You won’t build up your credit history with these cards, and you have to watch out for fees, but they do offer consumer protections.
Thinking about picking up a reloadable prepaid card? There are more than a dozen types on the market now, and plenty of variations that can make them a wonderful or terrible financial choice. Here’s what you need to know about general prepaid cards: how they work, when to use them and how to get one.
What is a prepaid debit card?
Prepaid cards look like credit cards and spend like credit cards, but there’s no credit behind them. They are technically debit cards – when you use them, you’re spending your own money, not the bank’s. This means you won’t pay interest on a prepaid card as you might with a credit card.
Since prepaid cards are associated with major card networks — Visa, Mastercard, American Express and Discover — they can be used anywhere debit cards can: to buy groceries, fill up on gas and even pay bills online.
One downside of prepaid cards is hidden fees. Unlike credit cards, which by law must disclose their terms and conditions upfront, no regulation forces prepurchase disclosure of fees on prepaid cards.
According to the Consumer Financial Protection Bureau, some of the common fees associated with prepaid cards include monthly fees, transaction fees, inactivity fees and even fees for paying bills. Fee structures vary, so it’s important to read the disclosures.
Debit cards vs. prepaid cards
Unlike traditional debit cards, you don’t need a bank account to use a prepaid card. You just load dollars directly onto the card and then use that balance for purchases. When the balance on the card dips too low, you reload more money.
For more than 7 million households that don’t have a checking account, prepaid cards can offer the ease of card-based purchases without the requirement of a bank account.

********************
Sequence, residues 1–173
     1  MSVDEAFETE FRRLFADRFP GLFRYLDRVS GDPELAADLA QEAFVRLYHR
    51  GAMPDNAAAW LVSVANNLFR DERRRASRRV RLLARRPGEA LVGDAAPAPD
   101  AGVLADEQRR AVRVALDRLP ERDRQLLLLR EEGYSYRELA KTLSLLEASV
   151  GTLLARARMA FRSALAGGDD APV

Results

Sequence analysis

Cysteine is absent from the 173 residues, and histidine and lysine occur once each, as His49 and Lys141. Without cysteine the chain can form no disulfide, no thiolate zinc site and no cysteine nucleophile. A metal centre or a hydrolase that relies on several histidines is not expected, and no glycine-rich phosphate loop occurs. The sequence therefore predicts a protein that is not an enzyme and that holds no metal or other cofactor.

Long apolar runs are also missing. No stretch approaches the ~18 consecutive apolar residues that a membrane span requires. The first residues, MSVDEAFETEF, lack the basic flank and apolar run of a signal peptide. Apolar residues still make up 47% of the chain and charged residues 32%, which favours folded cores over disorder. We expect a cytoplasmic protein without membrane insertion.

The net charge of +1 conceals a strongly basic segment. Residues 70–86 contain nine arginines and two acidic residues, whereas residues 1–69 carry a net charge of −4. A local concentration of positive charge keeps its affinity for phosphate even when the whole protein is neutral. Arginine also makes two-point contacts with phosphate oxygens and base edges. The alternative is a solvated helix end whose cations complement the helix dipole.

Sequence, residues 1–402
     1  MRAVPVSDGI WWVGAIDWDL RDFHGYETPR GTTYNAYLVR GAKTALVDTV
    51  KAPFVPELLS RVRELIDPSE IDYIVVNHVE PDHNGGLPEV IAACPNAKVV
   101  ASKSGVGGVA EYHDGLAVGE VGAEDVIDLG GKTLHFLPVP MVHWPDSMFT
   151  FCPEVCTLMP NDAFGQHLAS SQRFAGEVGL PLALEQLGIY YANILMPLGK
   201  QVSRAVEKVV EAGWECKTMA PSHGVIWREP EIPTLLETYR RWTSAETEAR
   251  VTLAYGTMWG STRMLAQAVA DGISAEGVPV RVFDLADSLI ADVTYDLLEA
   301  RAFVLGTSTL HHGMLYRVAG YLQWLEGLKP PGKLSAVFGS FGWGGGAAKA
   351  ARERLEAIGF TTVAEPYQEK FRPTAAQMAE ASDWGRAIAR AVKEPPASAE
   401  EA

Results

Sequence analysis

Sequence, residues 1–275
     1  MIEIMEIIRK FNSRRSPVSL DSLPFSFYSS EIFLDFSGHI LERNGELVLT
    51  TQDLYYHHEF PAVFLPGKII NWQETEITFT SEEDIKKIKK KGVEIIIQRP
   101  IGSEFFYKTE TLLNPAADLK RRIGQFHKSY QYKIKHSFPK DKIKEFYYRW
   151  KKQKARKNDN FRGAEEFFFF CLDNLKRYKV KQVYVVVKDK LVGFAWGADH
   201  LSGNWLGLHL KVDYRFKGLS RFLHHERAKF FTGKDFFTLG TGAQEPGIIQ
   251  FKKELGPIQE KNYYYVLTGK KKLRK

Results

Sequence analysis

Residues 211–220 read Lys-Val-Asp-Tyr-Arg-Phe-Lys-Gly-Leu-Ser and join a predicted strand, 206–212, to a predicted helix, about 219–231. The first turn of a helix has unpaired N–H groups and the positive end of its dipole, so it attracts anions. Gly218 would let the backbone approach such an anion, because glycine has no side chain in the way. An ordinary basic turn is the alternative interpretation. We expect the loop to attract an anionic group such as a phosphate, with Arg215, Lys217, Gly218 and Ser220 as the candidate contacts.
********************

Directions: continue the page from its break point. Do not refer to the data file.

Similar to a regular debit card, a prepaid card will not require a credit check. On the flip side, it also won’t help you build credit since spending on prepaid cards and debit cards is not tracked by credit bureaus
And like regular debit cards, prepaid debit cards offer certain protections. Even those not issued by a bank offer the zero liability protections of the payment network noted on the card, such as Mastercard or Visa. If you report the loss or theft of a registered card to the issuer in a timely manner, most will restore your original balance and issue a new card.
In other words, a prepaid card works like a debit card, minus many of the risks and, of course, the bank account.
When do prepaid cards make sense?
The popularity of prepaid cards is undeniable and due in part to their versatility. Here are some common reasons you might prefer a prepaid card over other options:
- You have poor credit or no credit: While there are credit cards for those with poor credit, if you’d rather not go that route, prepaid cards can offer the convenience of a card for short-term spending.
- You want to avoid overspending: It’s impossible to spend beyond your means with a prepaid card – it expires when the preloaded dollars run out – which makes it a useful first card for teens or those recovering from debt.
- You don’t have a bank account: Since prepaid cards are preloaded, you don’t need to link up a checking or savings account to use one.
- You don’t want to use cash: If you don’t want to carry around a wad of cash while traveling, or just generally don’t feel safe operating on cash alone, a prepaid card is a good alternative.
- You want to share travel expenses without a credit card: If you’re traveling with someone and you both want to put cash toward shared expenses, jointly loading cash on a prepaid card might be a solution. This way, you can use prepaid cards to book a hotel room or rent a car without relying on one person’s credit card or either of you having to reimburse the other.
How to get a prepaid debit card
When choosing a prepaid card, look for one that fits your specific needs. For instance, some prepaid cards let you pay bills online and even handle automatic monthly payments. Some will make payments via electronic check issued by the card company or let you withdraw cash from an ATM using a special PIN.
Managing your prepaid card is easier than ever with online account access. Many cards such as Green Dot, the Walmart MoneyCard, and Amex’s Bluebird and Serve and offer apps to manage your accounts straight from your phone. Need to put more cash on your card? You have five options:
- Transfer money from a bank account.
- Have your employer direct-deposit your paycheck onto your card.
- Transfer money from a PayPal account.
- Reload it at a retail store, such as Walmart or Walgreens.
- Use a reload card, which works like a gift card.
A prepaid card allows you to load your own money and use it for transactions. Considering that no credit is extended, such cards will not help you build your credit history.
These cards are particularly useful for people without bank accounts or those facing credit issues, but they offer many features and anyone can use them. While prepaid cards come with certain consumer protections, watch out for hidden fees.